We Are Who We Are

I’m feeling less grouchy this morning, but man, that’s a rough day. Too much sugar, too much stress, too much of people’s expectations that I’m going to cheerfully make a bunch of food and stand around in the kitchen and wait to meet their demands.

But mostly, in my family, it’s about working so hard to find presents for people only to get to hear all the ways the presents have slightly disappointed them.

Or to hear how they will have to hide the presents, because, if someone were to ask them for said present, of course they would give it to them.

Yeah, no shit.

My parents even told one of their friends, who I don’t know, and who I’ve never met, that they would get her one of my afghans. Their plan is to just root through my closet and give her one of my “extra” ones.

The only two afghans I can think of in my closet right now (and I have zero desire to go look) are the afghan I made my grandma that she died in and a wool afghan that the Butcher stuck in the dryer and I can’t figure out if there’s a way to salvage it, but, since I hand-dyed it, I hate to throw it out. Neither of which I will give away.

If there’s some other afghan in there, at one level, fine. I might even be a tiny bit impressed and flattered that they think something I do might be a treat for someone else.

But holy shit.

Who does this? I genuinely don’t think that my parents know how to understand me as a person in my own right. Because I’m a woman and because I’m not married, I’m this defective support system that might be put to use whenever they want.

Anyway, my dad liked his afghan. Both because he genuinely liked it and because I think he knew if he hadn’t, I would have motherfucking quit this family.

But he never tells you what he wants for any holiday and then he loves to sulk when you don’t end up getting him something he likes and he always makes this big production out of how your failure to get him something he likes proves that you don’t really care about him, because you’re not paying attention to him.

So, as you can imagine, it makes buying presents for him suck. It becomes this terrible, fraught thing where your goal is to get him something he likes and his goal is to prove to himself and you that you don’t really love him.

He’s been halfway talking about getting a ukulele for a couple of years. Mom and I found a cheap, but okay, one for him, figuring that, when he hated it, it wouldn’t sting that bad because it was just $30.

But Jesus Christ! He liked it at first! But then, after he got it tuned and strummed it a little, he announced that he refused to play it because he couldn’t get a clear sound on it because the neck was so small and we should have known to get him a bigger one. And he had this look on his face… like I can’t even explain it. Like he was pleased and relieved to find that the present he, for a second, enjoyed, really sucked. And I wanted to beat him to death with the turkey.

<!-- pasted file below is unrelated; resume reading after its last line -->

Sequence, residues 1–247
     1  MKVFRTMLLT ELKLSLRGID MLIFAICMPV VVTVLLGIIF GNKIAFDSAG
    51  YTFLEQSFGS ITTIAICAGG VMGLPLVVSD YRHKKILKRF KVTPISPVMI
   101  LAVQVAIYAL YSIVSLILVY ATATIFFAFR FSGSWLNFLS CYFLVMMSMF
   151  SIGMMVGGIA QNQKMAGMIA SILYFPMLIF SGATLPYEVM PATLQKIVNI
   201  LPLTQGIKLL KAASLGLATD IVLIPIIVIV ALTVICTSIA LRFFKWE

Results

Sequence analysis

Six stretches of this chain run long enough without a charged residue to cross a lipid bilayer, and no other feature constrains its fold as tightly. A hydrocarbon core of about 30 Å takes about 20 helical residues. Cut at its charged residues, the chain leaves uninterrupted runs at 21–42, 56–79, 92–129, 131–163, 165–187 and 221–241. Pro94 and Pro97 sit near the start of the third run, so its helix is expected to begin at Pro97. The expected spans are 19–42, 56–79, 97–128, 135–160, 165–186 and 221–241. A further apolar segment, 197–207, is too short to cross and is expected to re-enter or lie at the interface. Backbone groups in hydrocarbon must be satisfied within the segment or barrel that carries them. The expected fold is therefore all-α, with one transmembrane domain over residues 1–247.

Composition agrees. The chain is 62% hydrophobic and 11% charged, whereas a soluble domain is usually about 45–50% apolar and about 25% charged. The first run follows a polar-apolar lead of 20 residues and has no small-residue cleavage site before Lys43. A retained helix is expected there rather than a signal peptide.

It took every ounce of myself to just tell him he could exchange it then for one he liked.

But, you know, it made his day. He got exactly what he wanted.

So, I guess that’s good.


2 thoughts on “We Are Who We Are

  1. :( :( :( I’m so sorry that your family continues to be hurtful. And of course it’s easy for me, an internet stranger, to start thinking of fantasy scenarios where if You Just Told Them This One Thing or Did This One Thing it would be fixed, but people don’t fix, most of the time. So you have to decide “put up with them because I love them even though they hurt me” or “cut ties” neither of which feels good. I’m glad you have your friends and your work and your stories.

    I hope the promising-random-people-afghans thing can quietly die because there aren’t any to give and no-one can actually force you to make one for them. It’s possible that person doesn’t even want one. I can almost get into your mom’s headspace there, a sort of anxious desire to show you off/impress and kiss up to someone using your abilities. Making you into a sort of social capital. Not really about you but about her relationship with that person. I’ve felt that impulse sometimes with my spouse, who’s an artist, a desire to get someone to like me and him more by volunteering *him* to create or perform something for them. But I pull myself up because it’s from the part of me I don’t like to listen to, that craves approval in any way I can get it, and also it’s just wrong and unfair to do.

    I’m glad the holidays are over soon, because all that love and joy sure comes with some baggage and I could use a break.

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